At the age of 19, after I finished college, I went to work and play in New Zealand (Hawkes Bay, North Island) for six months. Then I did three seasons in Cheshire, with the winters in Argentina. It was hard work, but in Argentina I managed to get a really good job for a lady, Hana Grill, and I’m still working for her now.

Where do you spend most of your time… the UK or abroad?

I spend about four months a year in Argentina, around six in England and around two playing tournaments in other countries such as Barbados, Thailand, Singapore, Malaysia, France, Texas and sometimes Africa.

It all sounds quite glamourous.

Yes, it is… Polo tournaments are always in stunning locations and there’s a fair bit of money involved.

Where is your favourite place to play polo?

I love Barbados. There are three main polo clubs (plus private fields on top), the people are really hospitable and the horses are lovely. Next year I get to go there twice, for the annual Battle of the Sexes tournament and a ladies tournament as well.

What is the most difficult thing about playing polo?

Getting the money to buy a decent string of horses — and it’s expensive to keep them, too.

How many horses do you own?

I run a string of eight but I only own three… My boss here — Roger White of Coombe Place at Overton Farm, Sway, New Forest — gives me five. You ideally need own your own string.

So how much do you have to pay for a decent polo pony?

Anywhere from £5,000 up to £200,000, with an average good horse costing £10k-£15k.

You could get an older horse (they’re at their peak at around eight to nine years old) with a few injuries for cheaper, or get one off the race track and retrain it.

What qualities do you look for in a polo pony?

We like them to be around 15.2hh and tend to go for the Irish and English thoroughbreds. A polo pony needs to be fast, very agile and have a good mouth so that it stops dead and works from the back end. We also like them to be ‘grunty’ — solid and powerful, capable of sustaining a few bashes in a ride off.

Is there one horse that stands out?

Isla, who’s based in England — she’s getting on a bit but she’s a machine.

You rarely travel horses abroad in polo, is it difficult to ride horses that you’ve never ridden before?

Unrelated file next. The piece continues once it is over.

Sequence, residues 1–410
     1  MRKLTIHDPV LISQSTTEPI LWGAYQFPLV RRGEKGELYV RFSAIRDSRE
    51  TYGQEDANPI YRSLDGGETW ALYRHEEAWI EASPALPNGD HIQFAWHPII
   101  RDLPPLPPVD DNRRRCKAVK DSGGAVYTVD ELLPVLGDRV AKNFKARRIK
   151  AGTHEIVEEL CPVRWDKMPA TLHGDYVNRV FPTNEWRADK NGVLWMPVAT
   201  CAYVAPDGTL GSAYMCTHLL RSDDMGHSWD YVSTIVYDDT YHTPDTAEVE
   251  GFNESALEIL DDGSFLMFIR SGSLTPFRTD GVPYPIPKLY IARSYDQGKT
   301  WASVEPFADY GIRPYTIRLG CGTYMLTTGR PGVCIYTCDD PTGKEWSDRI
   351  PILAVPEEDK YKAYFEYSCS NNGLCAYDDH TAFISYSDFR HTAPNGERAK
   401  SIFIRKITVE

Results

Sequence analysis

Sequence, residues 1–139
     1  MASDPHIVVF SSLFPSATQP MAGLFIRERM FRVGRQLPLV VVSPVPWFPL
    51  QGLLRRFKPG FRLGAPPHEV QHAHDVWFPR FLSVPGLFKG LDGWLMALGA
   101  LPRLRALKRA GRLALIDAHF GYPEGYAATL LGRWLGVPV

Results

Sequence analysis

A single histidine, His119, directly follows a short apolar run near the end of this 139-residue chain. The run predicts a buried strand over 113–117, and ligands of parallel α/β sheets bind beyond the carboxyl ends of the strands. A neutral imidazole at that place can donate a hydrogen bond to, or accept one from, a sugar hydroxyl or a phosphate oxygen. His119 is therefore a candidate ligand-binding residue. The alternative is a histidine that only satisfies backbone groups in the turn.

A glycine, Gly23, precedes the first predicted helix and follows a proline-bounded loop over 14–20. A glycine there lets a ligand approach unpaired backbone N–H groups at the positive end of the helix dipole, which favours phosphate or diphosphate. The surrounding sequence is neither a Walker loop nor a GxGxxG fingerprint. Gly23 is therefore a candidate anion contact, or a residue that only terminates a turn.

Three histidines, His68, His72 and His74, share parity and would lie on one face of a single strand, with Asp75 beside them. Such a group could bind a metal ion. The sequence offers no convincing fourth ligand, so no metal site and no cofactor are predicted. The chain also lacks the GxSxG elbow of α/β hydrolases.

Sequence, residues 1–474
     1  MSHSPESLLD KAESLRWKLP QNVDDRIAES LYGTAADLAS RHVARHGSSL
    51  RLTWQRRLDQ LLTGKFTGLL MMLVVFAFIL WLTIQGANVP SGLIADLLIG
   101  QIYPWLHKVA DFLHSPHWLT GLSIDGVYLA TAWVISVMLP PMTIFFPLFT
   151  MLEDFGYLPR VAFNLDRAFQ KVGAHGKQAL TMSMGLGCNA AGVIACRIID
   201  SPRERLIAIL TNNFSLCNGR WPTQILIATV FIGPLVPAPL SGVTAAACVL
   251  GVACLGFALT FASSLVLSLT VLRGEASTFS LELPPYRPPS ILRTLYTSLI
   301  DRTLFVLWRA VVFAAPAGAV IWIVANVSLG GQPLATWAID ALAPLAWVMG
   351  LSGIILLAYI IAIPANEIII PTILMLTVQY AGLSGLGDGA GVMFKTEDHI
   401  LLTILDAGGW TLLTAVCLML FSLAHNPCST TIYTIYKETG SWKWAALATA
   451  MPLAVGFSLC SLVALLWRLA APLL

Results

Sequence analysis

No. They’re really well trained and, as I typically ride five horses a game, I must have ridden hundreds of horses since I was 19, it’s natural.

Why so many horses?

Polo is incredibly demanding and strenuous on a horse which is why one horse is only officially allowed to play two chukkas with a break in between. I’d take five horses and try to ride five minutes on each horse. At the top tournaments in Argentina, some players would take 12-14 horses to a game with just three minutes on a horse before a break to get the best out of them.

That’s a lot of horses to keep fit…

Yes I can ride seven or eight horses a day singling (one at a time). They’re schooled to keep them finely tuned, but it’s common to ride one and lead up to four when you’re doing cardio work (45-60 minutes of walking and trotting). I’m doing that at the moment, while I’m chatting to you…

And what else do you do get them ready to compete?

The day before a game — and sometimes even on the morning of game days — we give them 10 minutes flat out for a change of air.

How do you improve your game?

My boyfriend, Ivan Gaona, an Argentinian polo player, has taught me a lot. I have also gained a lot watching video feedback of matches and taking advice from different people. Stick and ball practicing is essential and playing with players that are much better than me helps.

And is it a level playing field for men and women?

General men are naturally stronger and that gives them a slight advantage but, in general, it’s to do with the horses… it depends how well mounted you are.

What’s your ultimate goal?

To own a solid string of horses and to be one of the best female players in the world playing any 15 or 18 goal tournament.

What would you say to others considering to give polo a try?

It’s great fun and much more accessible than people think. And if you’re willing to work hard, it’s a great profession. There are plenty of schools around with safe horses, but beware… it’s very addictive!

And you’re 26, do you have to be young?

Obviously it’s good to be fit, but you can learn the sport when you are older and I think the oldest polo player is in their eighties!

Why Horse Scout?

The social media side is great, that you can follow other riders and horses.

Interview by Sam Lewis, Horse Scout inhouse Journalist & PR, August/September 2016

About Horse Scout

Find out more about polo and Hazel Jackson [[link to profile page]]